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2 Beaverton Children's Young Adult- General

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ISBN13: 9781400318360
ISBN10: 140031836x
Condition: Standard
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Synopses & Reviews

Publisher Comments:

Everyone gets the Mark. It gives all the benefits of citizenship. Yet if getting the Mark is such a good thing, then why does it feel so wrong?

Set in a future North America that is struggling to recover after famine and global war, Swipe follows the lives of three kids caught in the middle of a conflict they didn't even know existed. United under a charismatic leader, every citizen of the American Union is required to get the Mark on their 13th birthday in order to gain the benefits of citizenship.

The Mark is a tattoo that must be swiped by special scanners for everything from employment to transportation to shopping. It's almost Logan Langly's 13th birthday and he knows he should be excited about getting the Mark, but he hasn't been able to shake the feeling he's being watched. Not since his sister went to get her Mark five years ago . . . and never came back.

When Logan and his friends discover the truth behind the Mark, will they ever be able to go back to being normal teenagers? Find out in the first book of this exciting series that is Left Behind meets Matched for middle-grade readers.

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Average customer rating based on 2 comments:

Winters Read, June 26, 2012 (view all comments by Winters Read)
I've had quite a range of thoughts while reading this book. At first, the slow pace told me the book would be boring, but then it took off. Then....it lost me in slow movement again, and later recaptured me. While the storyline was fickle this way, the characters never made it far. Because of this, it was quite tempting to shut the book whenever the pages halted for the red light known as attempted pre-teen conversation. Swipe would have been better if it were filled with more constant action, while still making the point addressed next.

What changed my mind about not recommending this book (because I do, for some) is the originality and surprise of the plot. While I expected Angler to use a Biblical standpoint of the Mark and Pledging, he never did. Instead, he showed logical, secular reasons that the G.U. (Global Union) was immoral in using it to "weed out" those who would not "unify" the world. I am impressed by the skill he weaves this reasoning into the reader, no matter their views.
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PrincessJaylia, May 2, 2012 (view all comments by PrincessJaylia)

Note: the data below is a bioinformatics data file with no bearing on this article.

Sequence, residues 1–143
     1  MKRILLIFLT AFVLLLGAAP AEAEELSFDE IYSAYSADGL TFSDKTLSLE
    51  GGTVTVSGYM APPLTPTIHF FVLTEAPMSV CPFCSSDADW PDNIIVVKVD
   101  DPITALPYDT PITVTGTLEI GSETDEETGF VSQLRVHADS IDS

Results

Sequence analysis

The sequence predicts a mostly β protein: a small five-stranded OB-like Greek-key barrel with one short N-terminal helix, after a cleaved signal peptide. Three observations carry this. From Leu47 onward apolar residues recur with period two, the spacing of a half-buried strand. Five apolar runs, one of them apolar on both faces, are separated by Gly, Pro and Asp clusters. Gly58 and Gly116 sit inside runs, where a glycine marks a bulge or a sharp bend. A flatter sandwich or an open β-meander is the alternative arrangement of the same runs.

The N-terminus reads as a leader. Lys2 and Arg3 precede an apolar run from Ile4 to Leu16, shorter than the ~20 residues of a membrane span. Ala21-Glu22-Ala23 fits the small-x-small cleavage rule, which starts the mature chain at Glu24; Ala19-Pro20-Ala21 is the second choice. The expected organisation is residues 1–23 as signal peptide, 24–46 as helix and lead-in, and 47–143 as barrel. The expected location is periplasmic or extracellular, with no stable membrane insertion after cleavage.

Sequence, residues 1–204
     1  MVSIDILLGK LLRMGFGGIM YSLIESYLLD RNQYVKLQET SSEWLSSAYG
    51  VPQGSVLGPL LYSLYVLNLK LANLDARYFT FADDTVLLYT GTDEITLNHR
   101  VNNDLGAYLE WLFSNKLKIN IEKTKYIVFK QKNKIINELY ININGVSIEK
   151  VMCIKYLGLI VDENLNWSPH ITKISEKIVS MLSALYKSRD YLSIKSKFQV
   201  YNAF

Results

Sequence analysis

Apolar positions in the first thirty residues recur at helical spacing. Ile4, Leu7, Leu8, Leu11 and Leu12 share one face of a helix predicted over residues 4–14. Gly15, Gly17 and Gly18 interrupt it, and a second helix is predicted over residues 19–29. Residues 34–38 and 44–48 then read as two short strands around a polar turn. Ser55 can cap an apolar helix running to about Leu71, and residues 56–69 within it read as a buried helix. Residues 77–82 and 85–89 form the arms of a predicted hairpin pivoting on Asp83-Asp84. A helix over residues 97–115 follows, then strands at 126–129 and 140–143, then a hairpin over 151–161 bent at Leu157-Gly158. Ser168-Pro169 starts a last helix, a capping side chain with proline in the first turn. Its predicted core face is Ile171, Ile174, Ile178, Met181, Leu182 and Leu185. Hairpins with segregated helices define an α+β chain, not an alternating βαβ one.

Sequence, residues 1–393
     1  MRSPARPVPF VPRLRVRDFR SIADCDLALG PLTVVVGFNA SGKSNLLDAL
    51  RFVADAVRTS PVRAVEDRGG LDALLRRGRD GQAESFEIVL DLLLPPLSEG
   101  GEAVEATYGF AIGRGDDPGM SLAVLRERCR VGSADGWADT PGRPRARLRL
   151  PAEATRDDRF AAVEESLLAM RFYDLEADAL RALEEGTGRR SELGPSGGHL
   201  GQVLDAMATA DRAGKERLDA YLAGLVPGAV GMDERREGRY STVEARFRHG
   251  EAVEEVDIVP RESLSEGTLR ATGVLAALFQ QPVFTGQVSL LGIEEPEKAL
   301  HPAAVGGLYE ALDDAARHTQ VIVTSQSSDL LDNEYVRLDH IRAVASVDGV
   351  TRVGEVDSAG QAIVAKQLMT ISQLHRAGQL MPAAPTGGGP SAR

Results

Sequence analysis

I received a copy of SWIPE by Evan Angler from Thomas Nelson via BookSneeze. It is juvenile fiction ��" a mixture of middle grade and young adult. As I read, I couldn’t decide which age group it leaned toward, but I think thirteen and up would be best. Some of the topics, such as the oppressive government, might be too mature for children, even though nothing in it was really inappropriate.

In SWIPE, whenever someone turns thirteen, the government gives him or her a Mark. This Mark, imprinted on their body, allows them to be “free.” For example, they can buy ice cream. Logan, however, is dreading his Mark ��" when his sister, Lily, was Marked, the government told his family she’d died. Now, he’s petrified of the dark and feels that something is watching him. Enter Erin, a Marked girl who recently moved to the city. Her dad works for the government. According to Erin, as soon as her dad solves his case, they can go home. The case leads her to Logan and the Markless, those who strive to live without the Mark.

The story explores an interesting take on a futuristic world. Most of the country is hard to live in and the West Coast has been destroyed by an Earthquake. The world leans toward a Global Union. Although I don’t normally read dystopian novels, this kept my attention from the first chapter to the end.

While I did enjoy SWIPE, a few points felt awkward. The prologue was confusing and didn’t really pique my interest. After reading the entire novel, the prologue made much more sense. Some sentences felt too 2012, such as “That’s neat.” I would have liked to see more futuristic terminology. Also, the kids in the story seemed too old for thirteen, or almost thirteen.

I recommend SWIPE to dystopian fans, as well as youthful readers. It offers an interesting take on what the world might become.
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Product Details

Angler, Evan
Thomas Nelson Publishers
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Related Subjects

Children's » Activities » General
Children's » Religion » Christian » Action and Adventure
Religion » Comparative Religion » General
Young Adult » General

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